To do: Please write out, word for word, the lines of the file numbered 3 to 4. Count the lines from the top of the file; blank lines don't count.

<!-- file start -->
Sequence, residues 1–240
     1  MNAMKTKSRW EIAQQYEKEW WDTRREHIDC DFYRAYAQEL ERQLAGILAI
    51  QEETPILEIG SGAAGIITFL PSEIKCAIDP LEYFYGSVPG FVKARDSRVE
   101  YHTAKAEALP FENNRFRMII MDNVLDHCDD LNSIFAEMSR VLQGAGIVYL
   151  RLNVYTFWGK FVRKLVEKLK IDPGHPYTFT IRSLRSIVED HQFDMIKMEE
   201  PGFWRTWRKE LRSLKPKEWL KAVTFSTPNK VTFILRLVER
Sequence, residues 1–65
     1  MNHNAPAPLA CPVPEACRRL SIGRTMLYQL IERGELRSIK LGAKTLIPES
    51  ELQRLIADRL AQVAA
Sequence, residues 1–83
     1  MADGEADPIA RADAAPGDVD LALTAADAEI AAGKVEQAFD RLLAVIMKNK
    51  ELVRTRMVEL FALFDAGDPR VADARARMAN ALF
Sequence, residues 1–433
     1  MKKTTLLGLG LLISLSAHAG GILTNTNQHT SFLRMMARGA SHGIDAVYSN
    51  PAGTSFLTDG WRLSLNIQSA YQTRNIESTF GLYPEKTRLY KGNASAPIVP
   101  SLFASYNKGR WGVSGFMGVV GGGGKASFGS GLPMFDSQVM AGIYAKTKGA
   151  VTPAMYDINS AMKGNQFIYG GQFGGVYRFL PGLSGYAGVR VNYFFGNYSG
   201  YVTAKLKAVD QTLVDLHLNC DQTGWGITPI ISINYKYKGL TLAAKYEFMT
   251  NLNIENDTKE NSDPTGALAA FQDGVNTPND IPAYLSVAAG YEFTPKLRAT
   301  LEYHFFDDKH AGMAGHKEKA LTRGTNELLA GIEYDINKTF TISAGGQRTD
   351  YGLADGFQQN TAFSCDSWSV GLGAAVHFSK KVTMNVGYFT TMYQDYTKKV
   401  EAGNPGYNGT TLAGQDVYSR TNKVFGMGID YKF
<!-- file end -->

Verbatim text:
    51  QEETPILEIG SGAAGIITFL PSEIKCAIDP LEYFYGSVPG FVKARDSRVE
   101  YHTAKAEALP FENNRFRMII MDNVLDHCDD LNSIFAEMSR VLQGAGIVYL